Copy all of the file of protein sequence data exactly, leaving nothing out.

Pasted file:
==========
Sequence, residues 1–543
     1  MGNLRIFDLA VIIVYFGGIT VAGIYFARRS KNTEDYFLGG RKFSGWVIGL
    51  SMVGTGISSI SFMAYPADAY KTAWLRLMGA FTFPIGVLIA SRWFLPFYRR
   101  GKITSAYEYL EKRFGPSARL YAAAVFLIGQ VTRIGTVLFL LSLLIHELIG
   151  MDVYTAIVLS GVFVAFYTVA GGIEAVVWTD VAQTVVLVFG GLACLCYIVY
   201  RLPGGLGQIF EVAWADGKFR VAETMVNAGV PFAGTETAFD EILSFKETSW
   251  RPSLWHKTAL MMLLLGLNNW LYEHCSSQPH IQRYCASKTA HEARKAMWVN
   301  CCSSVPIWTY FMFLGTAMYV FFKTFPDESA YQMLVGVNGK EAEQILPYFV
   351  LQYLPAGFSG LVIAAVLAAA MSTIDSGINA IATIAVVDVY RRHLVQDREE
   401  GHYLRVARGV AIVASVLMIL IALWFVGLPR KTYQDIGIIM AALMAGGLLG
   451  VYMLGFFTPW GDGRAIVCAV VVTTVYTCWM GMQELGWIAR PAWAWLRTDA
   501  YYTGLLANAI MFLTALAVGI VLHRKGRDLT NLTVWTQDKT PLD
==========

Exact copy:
Sequence, residues 1–543
     1  MGNLRIFDLA VIIVYFGGIT VAGIYFARRS KNTEDYFLGG RKFSGWVIGL
    51  SMVGTGISSI SFMAYPADAY KTAWLRLMGA FTFPIGVLIA SRWFLPFYRR
   101  GKITSAYEYL EKRFGPSARL YAAAVFLIGQ VTRIGTVLFL LSLLIHELIG
   151  MDVYTAIVLS GVFVAFYTVA GGIEAVVWTD VAQTVVLVFG GLACLCYIVY
   201  RLPGGLGQIF EVAWADGKFR VAETMVNAGV PFAGTETAFD EILSFKETSW
   251  RPSLWHKTAL MMLLLGLNNW LYEHCSSQPH IQRYCASKTA HEARKAMWVN
   301  CCSSVPIWTY FMFLGTAMYV FFKTFPDESA YQMLVGVNGK EAEQILPYFV
   351  LQYLPAGFSG LVIAAVLAAA MSTIDSGINA IATIAVVDVY RRHLVQDREE
   401  GHYLRVARGV AIVASVLMIL IALWFVGLPR KTYQDIGIIM AALMAGGLLG
   451  VYMLGFFTPW GDGRAIVCAV VVTTVYTCWM GMQELGWIAR PAWAWLRTDA
   501  YYTGLLANAI MFLTALAVGI VLHRKGRDLT NLTVWTQDKT PLD